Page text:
Bringing Global Compact for Migration to Life | The Youth Cafe


The GCM in Action

It’s no secret that civil rights groups, NGOs, institutions, and governments have fallen under criticism time and time again for talking the talk but not quite walking the walk. As much as the agenda in Migration Week includes discussion and advocacy, there are ways to bring the implementation of the GCM to a measurable standard, agreed upon by its participants.

What does it mean?

In 2015, the International Organization for Migration (IOM) developed the Migration Governance Framework (MiGOF) to help define what a well-managed migration policy might look like at the national level. That same year, IOM’s member states welcomed the MiGOF, and the Migration Governance Indicators (MGI) was developed shortly after to put the MiGOF into action.  

The MGI is a tool that can be used to assess how the policies are working, giving governments the insight they need to develop their migration governance.  It’s not meant to rank member states comparatively, but to provide a framework to see whether migration policies are comprehensive and to address any legal and procedural gaps. The MGI helps to define what we are working towards with the GCM, towards improved governance over migration policies within and between governments.  

How do we get there?

There are six dimensions of migration governance included in the MiGOF and MGI, the implementation in four phases.

  • Migrant Rights

    • Do migrants have access to the basic social services like health, education, and security?

    • Are rights for family reunification, work, and residency guaranteed?

  • Government Approach

    • Are there national migration strategies in line with development?

    • Is there transparency and coherence regarding the management of migration strategies and policies?

    • How is migration data collected and used by the government?

  • Partnerships

    • Are there efforts being made to work with other states and related non-governmental actors like civil rights groups?

  • Well-being of Migrants

    • Are there policies that recognize migrant qualifications, regulate student migration, and engage with diaspora?

    • What does the socio-economic data of migrant populations tell us about their well-being?

  • Crises and Mobility

    • Are countries prepared in the event of natural disasters and conflict to provide equal access to humanitarian services to both nationals and migrants?

  • Safe, Orderly, and Dignified Migration

    • What sort of process is in place for border control and enforcement, including admission criteria for migrants?

    • Are governments prepared should there be an unexpected influx of migrants?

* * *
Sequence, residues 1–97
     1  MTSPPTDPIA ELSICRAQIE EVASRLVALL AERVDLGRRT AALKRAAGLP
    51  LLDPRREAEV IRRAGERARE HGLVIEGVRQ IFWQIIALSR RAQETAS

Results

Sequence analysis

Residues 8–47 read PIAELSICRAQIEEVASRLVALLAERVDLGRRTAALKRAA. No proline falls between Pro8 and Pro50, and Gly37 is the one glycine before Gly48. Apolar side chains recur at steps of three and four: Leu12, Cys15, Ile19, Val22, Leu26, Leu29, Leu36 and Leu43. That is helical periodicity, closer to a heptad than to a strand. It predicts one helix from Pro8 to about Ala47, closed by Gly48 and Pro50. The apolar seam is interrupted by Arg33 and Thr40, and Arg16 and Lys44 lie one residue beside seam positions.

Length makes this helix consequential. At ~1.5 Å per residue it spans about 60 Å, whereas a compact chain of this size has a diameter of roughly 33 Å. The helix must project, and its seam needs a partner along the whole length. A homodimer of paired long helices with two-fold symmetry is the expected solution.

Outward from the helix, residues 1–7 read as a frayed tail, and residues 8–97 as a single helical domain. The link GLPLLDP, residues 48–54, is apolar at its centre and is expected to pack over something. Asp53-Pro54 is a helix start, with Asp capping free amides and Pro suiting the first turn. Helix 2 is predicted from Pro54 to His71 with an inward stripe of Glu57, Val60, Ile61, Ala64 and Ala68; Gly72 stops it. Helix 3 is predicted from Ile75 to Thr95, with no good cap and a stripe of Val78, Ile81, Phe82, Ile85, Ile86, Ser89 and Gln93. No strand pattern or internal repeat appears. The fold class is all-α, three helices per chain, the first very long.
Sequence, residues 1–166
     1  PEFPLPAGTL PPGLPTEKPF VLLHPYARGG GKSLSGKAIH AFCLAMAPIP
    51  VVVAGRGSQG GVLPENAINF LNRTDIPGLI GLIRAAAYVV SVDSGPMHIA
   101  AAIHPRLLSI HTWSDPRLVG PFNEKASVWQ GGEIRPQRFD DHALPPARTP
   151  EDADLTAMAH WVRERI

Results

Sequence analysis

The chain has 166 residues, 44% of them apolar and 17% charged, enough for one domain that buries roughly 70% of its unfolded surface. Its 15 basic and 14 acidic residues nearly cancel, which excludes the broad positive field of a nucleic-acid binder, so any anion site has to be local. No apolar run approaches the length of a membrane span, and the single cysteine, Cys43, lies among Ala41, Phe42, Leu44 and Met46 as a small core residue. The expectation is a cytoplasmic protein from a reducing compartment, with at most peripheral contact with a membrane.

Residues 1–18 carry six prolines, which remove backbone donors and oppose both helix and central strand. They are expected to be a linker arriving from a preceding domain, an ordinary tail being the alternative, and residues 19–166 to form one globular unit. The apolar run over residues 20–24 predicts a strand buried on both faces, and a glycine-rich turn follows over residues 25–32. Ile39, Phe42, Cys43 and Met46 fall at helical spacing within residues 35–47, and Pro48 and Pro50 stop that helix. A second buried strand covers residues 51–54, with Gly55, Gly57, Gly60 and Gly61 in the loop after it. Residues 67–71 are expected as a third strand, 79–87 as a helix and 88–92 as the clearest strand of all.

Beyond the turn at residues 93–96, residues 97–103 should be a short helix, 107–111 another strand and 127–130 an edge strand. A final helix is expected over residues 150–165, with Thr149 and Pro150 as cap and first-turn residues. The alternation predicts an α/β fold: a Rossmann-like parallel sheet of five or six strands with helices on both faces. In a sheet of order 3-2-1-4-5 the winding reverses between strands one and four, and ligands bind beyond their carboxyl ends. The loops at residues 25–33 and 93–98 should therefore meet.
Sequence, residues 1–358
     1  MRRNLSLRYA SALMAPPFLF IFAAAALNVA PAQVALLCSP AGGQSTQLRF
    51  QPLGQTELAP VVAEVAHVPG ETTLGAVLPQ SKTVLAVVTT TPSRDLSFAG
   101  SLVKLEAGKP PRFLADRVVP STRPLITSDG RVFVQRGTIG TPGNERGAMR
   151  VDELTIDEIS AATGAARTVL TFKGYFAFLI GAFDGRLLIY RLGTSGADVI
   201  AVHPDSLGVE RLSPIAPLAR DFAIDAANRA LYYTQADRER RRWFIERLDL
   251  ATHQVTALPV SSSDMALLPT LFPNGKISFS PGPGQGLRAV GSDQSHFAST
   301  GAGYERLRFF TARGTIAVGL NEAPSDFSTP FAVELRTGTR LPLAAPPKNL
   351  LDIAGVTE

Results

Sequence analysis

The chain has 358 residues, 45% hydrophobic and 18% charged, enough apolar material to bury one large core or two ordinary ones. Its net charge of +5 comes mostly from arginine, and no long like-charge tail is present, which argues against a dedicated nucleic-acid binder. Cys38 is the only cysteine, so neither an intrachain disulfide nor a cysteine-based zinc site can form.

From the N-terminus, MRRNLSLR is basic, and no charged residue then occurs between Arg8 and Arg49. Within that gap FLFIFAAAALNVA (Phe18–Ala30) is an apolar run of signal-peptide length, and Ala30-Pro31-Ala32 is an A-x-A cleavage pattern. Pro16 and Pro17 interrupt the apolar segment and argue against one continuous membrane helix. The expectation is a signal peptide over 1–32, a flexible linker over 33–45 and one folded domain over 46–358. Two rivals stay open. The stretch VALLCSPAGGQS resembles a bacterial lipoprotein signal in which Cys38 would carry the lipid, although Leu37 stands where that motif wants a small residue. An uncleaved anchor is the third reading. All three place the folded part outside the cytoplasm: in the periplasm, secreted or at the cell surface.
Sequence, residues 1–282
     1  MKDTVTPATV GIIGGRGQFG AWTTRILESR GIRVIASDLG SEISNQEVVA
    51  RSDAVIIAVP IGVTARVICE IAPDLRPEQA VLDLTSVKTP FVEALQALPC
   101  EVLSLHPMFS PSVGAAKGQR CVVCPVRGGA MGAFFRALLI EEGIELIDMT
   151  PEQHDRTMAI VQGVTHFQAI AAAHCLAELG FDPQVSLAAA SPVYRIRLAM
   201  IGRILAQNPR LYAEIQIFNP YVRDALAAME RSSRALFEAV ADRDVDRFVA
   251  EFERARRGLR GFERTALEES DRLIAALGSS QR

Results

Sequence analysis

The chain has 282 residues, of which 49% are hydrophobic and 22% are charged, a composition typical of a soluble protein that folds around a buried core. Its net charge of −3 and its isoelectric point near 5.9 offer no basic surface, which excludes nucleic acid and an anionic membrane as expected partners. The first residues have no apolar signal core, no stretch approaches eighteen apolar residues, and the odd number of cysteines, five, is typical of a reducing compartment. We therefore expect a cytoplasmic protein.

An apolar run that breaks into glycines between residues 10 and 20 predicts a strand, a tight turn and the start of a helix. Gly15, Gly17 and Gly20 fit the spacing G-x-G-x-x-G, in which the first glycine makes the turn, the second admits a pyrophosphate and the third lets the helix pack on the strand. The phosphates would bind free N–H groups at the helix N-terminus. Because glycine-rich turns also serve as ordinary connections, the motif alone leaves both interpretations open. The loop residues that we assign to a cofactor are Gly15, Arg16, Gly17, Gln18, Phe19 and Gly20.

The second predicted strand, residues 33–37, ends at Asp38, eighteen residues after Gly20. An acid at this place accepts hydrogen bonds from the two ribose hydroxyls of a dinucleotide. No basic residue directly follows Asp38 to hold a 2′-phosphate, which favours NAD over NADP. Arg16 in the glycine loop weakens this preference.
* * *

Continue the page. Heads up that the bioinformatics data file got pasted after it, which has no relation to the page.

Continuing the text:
• How effectively are governments working against human trafficking, smuggling of migrants?

    • Are there incentives and programs to help reintegrate returning citizens?

The MGI process is outlined in four phases, which begins with the launching of the MGI, ensuring that governments understand the dimensions outlined above and are committed to it. Once data is collected through the indicators, an analysis is presented to stakeholders and actors, and the inter-ministerial consultations take place to address the gaps. After the snapshots of the migration governance indicators are finalized, they are published for access to all.  In this implementation, follow-up, and review process, gaps and targets are identified, comprehensive strategies are developed, and progress can be monitored systematically.

Without Borders

Cooperation isn’t just about getting along with everyone. In cooperation, the standards are raised, dialogue increases, and challenges can be overcome more effectively. In an interview, Louise Arbour, the Special Representative of the Secretary-General for International Migration, said that “the stated intention of several countries (including Hungary, Poland, the Czech Republic, and Austria) to pull out of the GCM has seriously affected the spirit of multilateralism.” According to news reports, Slovakia’s Prime Minister became the latest national leader to withdraw from the GCM on November 25.

Ms. Arbour has also said that governmental policies need to be data-driven, connecting with reality:

“There are many, many countries in the world today that will need to import a part of their workforce. The demographics are suggesting that if they want to maintain their current economic standards or even grow their economy, they're going to have to receive well-trained foreigners to meet the labour market demands in their countries. To foster a culture of exclusion in such a case, is entirely counterproductive.”

The GCM will be formally adopted at the Intergovernmental Conference on Migration in Marrakech on December 10 - 11. There is anticipation for member states to express their intentions in implementing the parts of the GCM that are particularly significant to them, share their commitments, innovative ideas, and forge more partnerships not just between governments, but within private sectors, civil rights groups, and other relevant actors as well.

The conference will also see the launch of the Migration Network, by the UN Secretary-General António Guterres. The Migration Network, coordinated by IOM, will oversee the implementation of the GCM, and will involve all UN agencies that include a migration aspect as part of their mandate.

It’s important to recognize that this is a historic moment for international cooperation, to ensure that the kind of world we live in is built on constructive dialogue that creates a positive impact.